Week THREE // May 13-19, 2018
Protecting Communities from Disasters
WEEK THREE // May 13-19, 2018
Build to Code
Although you have little control over the occurrence of natural disasters in your community, mitigation efforts are some of the best tactics jurisdictions can take to protect a community against the effects of these disasters. Mitigation increases occupant health and safety during a disaster, protects the local tax base, ensures continuity of essential services, and supports more rapid recovery from disasters. Mitigation through adoption and enforcement of building codes provide you, your family and your community protection in the event of a natural disaster.
The development and widespread adoption of building codes creates a uniform regulatory environment in which design professionals and contractors are held to a set of standards adopted by and applicable to the jurisdiction in which they work. Building regulation in the United States began in the late 1800s when major cities began to adopt and enforce building codes in response to large fires in densely populated urban areas. Over time, the scope of building codes broadened. Today, building codes address structural integrity, lighting, ventilation, safe egress, construction materials as well as fire resistance. They specify the minimum requirements to safeguard the health, safety and general welfare of building occupants.
Prepare Your Family
Making sure your family is prepared for any natural disaster is important. Below are some of the steps you can take to prepare your family and protect your home from natural disasters. Your actions can ensure that no matter what Mother Nature brings, you, your family and your community will be resilient.
- Develop a family disaster plan that includes a list of food and water supplies needed for each member of your family and supplies for your pets. Make copies of important documents like insurance policies, the deed to your home, and other personal papers, important phone numbers and a home inventory. Create a checklist of important things to do before, during and after a disaster.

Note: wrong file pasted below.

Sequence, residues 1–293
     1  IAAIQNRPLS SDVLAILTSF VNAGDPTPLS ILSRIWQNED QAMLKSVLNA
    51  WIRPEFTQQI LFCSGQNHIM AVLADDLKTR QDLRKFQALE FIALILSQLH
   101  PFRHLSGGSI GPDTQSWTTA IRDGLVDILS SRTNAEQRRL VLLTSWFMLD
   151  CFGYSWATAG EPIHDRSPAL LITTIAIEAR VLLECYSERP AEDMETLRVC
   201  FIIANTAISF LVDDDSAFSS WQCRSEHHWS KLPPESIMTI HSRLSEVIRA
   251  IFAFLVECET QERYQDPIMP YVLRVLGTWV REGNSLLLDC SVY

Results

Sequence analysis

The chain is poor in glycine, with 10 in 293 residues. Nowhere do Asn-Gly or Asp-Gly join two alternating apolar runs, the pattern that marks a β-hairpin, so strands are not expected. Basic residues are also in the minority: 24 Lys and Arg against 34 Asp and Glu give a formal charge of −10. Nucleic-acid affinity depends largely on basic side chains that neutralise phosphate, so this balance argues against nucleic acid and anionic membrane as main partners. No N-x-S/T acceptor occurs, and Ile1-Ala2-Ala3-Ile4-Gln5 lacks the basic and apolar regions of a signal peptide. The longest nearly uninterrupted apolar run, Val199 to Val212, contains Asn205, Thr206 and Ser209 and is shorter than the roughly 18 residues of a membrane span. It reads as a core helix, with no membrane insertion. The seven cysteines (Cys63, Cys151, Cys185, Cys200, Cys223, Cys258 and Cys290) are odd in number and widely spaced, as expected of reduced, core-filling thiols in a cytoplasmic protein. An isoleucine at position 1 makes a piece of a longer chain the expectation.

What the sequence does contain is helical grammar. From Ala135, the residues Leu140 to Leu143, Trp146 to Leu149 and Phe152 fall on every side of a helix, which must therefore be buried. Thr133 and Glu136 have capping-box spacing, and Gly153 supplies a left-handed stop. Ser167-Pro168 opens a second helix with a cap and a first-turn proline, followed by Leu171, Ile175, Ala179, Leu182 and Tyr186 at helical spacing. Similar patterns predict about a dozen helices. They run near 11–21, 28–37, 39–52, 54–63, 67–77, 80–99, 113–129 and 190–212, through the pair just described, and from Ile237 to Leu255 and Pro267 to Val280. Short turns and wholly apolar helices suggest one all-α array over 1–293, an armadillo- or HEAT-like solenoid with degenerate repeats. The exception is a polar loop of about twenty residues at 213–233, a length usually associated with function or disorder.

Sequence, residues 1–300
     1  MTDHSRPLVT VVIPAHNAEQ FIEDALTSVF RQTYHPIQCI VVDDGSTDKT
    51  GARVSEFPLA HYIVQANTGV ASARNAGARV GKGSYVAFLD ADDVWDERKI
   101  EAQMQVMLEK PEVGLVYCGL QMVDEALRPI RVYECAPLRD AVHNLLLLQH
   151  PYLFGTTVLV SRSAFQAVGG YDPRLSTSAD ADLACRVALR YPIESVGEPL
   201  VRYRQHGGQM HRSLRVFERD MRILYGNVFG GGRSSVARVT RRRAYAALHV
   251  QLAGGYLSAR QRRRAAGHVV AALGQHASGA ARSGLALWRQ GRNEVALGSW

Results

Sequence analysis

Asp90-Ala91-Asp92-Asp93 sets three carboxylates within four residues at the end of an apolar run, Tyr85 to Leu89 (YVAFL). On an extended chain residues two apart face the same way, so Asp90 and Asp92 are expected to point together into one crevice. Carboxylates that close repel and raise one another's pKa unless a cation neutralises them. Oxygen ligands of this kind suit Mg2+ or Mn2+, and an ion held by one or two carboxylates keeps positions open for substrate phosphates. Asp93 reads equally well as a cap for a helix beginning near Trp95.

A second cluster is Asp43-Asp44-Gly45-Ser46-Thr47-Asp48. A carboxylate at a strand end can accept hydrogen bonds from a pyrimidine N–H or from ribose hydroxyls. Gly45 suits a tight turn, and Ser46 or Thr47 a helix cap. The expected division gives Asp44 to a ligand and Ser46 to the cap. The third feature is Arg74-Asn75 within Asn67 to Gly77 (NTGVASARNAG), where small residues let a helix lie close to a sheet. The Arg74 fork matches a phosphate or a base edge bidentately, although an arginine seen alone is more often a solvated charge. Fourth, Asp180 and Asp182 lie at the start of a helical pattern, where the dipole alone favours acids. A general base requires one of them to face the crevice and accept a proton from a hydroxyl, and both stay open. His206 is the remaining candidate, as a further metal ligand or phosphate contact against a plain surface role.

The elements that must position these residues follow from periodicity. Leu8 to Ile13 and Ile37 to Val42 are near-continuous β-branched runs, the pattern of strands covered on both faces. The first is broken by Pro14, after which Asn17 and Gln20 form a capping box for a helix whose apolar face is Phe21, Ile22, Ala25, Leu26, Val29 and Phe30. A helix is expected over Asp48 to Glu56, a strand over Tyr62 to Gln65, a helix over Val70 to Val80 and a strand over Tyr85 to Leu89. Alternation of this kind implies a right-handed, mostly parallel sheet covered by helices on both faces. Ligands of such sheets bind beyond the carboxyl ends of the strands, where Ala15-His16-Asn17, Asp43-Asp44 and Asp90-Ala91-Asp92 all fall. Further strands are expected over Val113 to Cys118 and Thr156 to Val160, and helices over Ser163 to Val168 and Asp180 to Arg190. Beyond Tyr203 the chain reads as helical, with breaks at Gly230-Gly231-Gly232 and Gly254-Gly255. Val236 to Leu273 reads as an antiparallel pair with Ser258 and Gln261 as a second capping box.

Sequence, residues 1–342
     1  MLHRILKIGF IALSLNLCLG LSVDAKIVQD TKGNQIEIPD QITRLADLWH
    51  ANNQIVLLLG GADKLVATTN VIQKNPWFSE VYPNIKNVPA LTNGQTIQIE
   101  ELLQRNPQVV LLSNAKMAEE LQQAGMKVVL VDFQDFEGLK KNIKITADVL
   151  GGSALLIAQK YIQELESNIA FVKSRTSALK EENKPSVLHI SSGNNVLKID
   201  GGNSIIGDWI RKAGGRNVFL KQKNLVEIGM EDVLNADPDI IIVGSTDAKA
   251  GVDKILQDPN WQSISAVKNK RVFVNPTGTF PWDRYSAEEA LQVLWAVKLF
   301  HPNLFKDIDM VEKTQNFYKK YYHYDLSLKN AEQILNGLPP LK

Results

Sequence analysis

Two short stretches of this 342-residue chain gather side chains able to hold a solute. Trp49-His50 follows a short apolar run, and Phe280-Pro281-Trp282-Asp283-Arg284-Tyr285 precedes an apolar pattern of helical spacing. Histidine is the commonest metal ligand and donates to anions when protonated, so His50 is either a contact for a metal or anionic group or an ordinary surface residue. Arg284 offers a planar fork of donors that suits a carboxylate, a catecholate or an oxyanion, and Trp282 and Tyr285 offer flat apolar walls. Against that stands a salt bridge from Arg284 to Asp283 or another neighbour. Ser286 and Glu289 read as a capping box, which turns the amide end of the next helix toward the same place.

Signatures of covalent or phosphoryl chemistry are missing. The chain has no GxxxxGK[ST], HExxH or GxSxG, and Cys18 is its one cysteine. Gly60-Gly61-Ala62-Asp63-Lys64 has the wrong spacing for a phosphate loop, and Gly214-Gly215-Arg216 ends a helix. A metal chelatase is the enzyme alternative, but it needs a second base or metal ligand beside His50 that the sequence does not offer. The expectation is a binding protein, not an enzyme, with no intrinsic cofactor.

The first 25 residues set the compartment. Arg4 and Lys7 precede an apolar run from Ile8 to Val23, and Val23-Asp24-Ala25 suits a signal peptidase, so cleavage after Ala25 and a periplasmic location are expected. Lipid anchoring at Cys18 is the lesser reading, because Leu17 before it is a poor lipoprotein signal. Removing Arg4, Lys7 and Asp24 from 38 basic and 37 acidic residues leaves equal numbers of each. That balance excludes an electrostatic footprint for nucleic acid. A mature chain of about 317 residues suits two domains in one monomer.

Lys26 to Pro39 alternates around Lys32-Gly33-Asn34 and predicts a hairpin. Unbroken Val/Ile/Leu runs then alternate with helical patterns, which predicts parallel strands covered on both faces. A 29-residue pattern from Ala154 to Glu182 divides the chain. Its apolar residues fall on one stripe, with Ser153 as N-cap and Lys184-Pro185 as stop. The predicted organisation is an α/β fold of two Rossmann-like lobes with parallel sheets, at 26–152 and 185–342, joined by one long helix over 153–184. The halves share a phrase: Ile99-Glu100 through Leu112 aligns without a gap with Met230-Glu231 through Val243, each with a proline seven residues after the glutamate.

- Review your evacuation route and emergency shelter locations with your family. Options for evacuation would include staying with friends and relatives, seeking commercial lodging or staying in a mass care facility operated by disaster relief groups in conjunction with local authorities.
- Taking shelter is critical in times of disaster. Sheltering in place is appropriate when conditions require that you seek protection in your home, place of employment or other location where you are when disaster strikes.
- Consider incorporating a safe room in building plans and improvements.
- Review your plan regularly. If you make changes that affect the information in your disaster plan, update it immediately.
Protect Your Home
The power of natural disasters can be overwhelming. While you can't necessarily stop them from happening, there are steps you can take to increase your home's chance of survival, even in the face of the worst that Mother Nature can dish out.
Flood insurance can be the difference between recovering and being financially devastated. Just one inch of water in a home can cost more than $25,000 in damages. The average flood insurance claims payment to homeowners was about $90,000 from the Baton Rouge floods in 2016 and $65,000 for Superstorm Sandy that struck the Northeast in 2012. FEMA's Individual Assistance Program can provide financial assistance for home repairs, rental assistance, and other needs, but the average payouts are much smaller, on the order of $6,000 to $8,000 per household — why risk it?
The International Codes (I-Codes), developed by the International Code Council, are a family of fifteen coordinated, modern building safety codes used in all 50 U.S. states and in many other countries that protect against disasters like fires, weather-related events and structural collapse. Documents summarizing the hazard-resistant provisions of the International Codes are available at FEMA’s Building Code Resources page. This page also includes other guidance documents on codes and standards.
ICC's Pulse Podcast: Episode 3--FEMA and Pre-disaster Mitgation
This episode of our monthly Pulse Podcast featured two guests from the Federal Insurance and Mitigation Administration (FIMA) of the Federal Emergency Management Agency (FEMA). John Ingargiola, Lead Physical Scientist of FEMA’s Building Science Branch, and Eric Letvin, FEMA’s Deputy Assistant Administrator of Mitigation, joined us to discuss pre-disaster mitigation, a prevalent topic after the series of tragic natural disasters in 2017.
To read more, click here.